Bubba Wallace Suspended For Vegas Incident

Bubba Wallace — the NASCAR driver infamous for claiming that a garage pull rope in his garage was a “noose” and a racially motivated attack — was suspended on Tuesday from the upcoming race at Homestead for intentionally crashing into Kyle Larson last Sunday in Las Vegas.

NASCAR has suspended Wallace for one race, with no fine or loss of points, after he intentionally wrecked in response to Larson sliding up the track, which forced Wallace’s car into the wall at Las Vegas Motor Speedway on Lap 94.

Wallace followed Larson back down the track apparently in search of revenge, ultimately ramming into Larson’s right rear quarter panel and causing him to spin out. Wallace also attacked Larson and a NASCAR employee after the wreck, pushing and shoving them.

“I obviously made an aggressive move into three and got in low and got loose and chased it up a bit,” Larson said. “And yeah, I mean, he got to my right front, and I got him tight into the wall and knew he was gonna retaliate. So, like I said, I mean, he had a reason to be mad, but his race wasn’t over until he retaliated. So it is what it is. Just, yeah, just aggression turned into frustration and he retaliated.”

When asked whether it was appropriate for Wallace to retaliate at that speed, Larson stated: “I think with everything that’s been going on here lately with head injuries and all that, fractured ligaments and all that I don’t think it’s probably the right thing to do.”

Wallace also threw water in the face of Alex Bowman, another driver in the race.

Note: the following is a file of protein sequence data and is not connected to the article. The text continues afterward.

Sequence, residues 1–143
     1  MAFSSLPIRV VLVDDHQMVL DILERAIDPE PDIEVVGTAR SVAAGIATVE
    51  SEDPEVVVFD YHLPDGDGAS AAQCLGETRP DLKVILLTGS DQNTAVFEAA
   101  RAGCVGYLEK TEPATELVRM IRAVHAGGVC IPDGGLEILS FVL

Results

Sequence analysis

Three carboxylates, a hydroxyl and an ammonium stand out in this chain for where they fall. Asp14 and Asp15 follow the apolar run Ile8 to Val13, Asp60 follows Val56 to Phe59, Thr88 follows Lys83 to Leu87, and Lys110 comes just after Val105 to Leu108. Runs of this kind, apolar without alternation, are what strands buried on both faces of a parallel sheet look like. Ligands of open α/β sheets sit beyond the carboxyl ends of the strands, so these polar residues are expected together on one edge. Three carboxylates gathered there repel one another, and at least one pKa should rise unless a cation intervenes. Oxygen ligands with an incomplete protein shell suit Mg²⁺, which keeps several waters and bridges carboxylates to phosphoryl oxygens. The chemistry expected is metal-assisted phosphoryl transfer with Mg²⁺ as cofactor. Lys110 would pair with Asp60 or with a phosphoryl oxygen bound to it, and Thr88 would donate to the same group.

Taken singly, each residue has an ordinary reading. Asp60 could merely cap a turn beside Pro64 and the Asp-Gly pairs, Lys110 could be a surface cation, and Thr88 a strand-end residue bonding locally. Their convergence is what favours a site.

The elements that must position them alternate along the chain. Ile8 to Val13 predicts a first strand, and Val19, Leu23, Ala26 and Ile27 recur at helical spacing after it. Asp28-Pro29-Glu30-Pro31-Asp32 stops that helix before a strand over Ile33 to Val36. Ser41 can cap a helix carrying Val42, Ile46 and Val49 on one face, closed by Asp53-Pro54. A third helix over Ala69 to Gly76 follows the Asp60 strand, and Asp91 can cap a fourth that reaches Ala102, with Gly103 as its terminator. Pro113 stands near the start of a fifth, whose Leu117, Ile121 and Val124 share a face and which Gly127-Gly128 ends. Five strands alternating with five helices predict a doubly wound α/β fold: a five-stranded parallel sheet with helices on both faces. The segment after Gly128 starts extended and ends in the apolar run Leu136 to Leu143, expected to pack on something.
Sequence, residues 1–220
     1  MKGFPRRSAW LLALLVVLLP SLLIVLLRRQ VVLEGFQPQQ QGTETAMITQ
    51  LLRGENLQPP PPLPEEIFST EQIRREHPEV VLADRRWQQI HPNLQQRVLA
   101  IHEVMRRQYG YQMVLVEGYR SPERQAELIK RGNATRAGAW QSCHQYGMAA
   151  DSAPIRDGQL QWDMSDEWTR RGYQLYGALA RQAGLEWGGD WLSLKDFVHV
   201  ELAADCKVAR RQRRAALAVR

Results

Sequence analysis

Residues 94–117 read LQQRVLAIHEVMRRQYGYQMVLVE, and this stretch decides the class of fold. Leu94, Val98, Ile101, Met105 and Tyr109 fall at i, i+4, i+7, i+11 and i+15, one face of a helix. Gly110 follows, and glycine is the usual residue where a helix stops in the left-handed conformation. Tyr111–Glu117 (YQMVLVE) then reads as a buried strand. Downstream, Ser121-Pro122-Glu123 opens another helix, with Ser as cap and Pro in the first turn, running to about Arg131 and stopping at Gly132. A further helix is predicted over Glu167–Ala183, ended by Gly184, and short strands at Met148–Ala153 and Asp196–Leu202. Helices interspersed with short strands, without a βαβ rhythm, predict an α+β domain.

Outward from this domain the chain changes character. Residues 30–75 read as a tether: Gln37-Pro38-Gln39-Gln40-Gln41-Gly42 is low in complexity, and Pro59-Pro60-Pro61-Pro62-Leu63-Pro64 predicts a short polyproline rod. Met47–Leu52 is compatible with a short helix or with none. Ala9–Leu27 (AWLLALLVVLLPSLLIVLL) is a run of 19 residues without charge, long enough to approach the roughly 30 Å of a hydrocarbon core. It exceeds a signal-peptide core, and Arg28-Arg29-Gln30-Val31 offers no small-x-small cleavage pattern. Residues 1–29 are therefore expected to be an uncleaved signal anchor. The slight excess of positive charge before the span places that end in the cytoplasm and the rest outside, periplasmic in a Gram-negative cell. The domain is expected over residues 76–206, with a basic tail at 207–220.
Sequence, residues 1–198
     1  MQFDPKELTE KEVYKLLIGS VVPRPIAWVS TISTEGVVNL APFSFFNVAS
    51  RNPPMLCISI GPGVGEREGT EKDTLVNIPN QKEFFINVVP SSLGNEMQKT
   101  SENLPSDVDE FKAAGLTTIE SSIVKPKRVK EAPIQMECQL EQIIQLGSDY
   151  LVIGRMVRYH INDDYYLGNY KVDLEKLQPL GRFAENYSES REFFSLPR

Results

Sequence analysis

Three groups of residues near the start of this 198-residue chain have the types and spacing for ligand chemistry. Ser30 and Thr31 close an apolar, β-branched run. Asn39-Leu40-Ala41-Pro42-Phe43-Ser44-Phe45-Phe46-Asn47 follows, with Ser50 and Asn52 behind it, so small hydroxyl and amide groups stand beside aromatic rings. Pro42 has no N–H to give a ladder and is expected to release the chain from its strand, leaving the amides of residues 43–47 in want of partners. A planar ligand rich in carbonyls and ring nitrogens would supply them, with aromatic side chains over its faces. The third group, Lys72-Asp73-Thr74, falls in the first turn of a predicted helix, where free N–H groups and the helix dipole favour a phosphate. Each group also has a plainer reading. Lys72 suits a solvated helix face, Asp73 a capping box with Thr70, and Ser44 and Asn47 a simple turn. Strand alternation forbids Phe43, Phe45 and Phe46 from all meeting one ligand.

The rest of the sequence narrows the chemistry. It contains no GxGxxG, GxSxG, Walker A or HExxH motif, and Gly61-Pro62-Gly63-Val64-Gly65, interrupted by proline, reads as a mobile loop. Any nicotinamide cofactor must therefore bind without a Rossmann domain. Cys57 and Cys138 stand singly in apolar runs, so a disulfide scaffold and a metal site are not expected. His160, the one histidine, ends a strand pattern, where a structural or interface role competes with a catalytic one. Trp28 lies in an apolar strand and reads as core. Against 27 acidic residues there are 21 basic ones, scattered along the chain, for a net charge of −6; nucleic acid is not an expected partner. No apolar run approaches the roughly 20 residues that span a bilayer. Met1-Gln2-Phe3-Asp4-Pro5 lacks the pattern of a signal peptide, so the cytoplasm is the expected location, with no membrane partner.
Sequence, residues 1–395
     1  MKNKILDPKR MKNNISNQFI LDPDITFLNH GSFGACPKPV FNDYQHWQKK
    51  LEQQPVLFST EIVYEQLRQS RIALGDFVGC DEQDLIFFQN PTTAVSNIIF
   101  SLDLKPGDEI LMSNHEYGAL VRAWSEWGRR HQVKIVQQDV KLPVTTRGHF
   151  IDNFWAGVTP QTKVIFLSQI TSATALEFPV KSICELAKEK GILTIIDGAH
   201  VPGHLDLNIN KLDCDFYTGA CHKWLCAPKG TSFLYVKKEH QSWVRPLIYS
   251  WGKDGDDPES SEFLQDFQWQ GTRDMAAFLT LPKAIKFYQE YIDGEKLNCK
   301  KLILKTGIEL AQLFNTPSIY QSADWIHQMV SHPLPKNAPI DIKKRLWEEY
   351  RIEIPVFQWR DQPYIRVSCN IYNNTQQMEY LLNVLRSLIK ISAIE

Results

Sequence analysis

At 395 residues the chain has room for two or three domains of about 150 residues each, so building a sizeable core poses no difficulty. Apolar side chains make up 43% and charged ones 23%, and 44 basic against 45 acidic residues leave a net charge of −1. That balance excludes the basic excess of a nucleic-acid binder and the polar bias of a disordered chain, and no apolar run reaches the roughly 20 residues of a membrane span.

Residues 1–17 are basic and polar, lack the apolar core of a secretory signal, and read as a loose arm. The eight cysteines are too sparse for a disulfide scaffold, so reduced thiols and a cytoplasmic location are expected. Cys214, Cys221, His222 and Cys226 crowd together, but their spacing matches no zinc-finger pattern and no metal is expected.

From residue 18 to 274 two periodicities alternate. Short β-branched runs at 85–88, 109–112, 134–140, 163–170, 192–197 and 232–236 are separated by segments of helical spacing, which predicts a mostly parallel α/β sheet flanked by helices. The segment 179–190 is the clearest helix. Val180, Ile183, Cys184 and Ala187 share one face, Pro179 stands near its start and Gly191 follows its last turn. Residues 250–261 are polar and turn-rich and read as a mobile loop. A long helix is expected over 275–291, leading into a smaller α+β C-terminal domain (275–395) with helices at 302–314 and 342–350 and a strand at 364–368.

The crash also included another driver, Christopher Bell. All three drivers were unable to continue the race.

Wallace is the first NASCAR Cup Series driver to be suspended for an incident on the track since 2015, when Matt Kenseth drove Joey Logano into the wall and received a two-race suspension and six months’ NASCAR probation.

“It’s been very rare, if ever, that we suspend drivers. We don’t take that action lightly,” NASCAR chief operating officer Steve O’Donnell told SiriusXM Radio — adding that the suspension was for the wreck, especially because of the rate of speed during the incident, and not for shoving Larson after the crash.

Wallace initially refused to apologize for the incident, claiming he didn’t cause the incident while getting snippy with a reporter.

“Cliff is smart enough to know that how easy these cars break so when you get shoved into the fence, like deliberately like he did, trying to force me to lift, steering was gone,” he claimed and then smirked, adding: “He just so happened to be there.”

“It was just a piss poor move on his execution,” he continued.

Wallace later posted an apology on social media.

“I want to apologize for my actions on Sunday following the on-track incident with Kyle Larson and the No. 5 car,” he wrote in a post on Monday. “My behavior does not align with the core values that are shared by 23XI Racing and our partners, who have played a crucial role in my incredible journey to the top of this great sport.”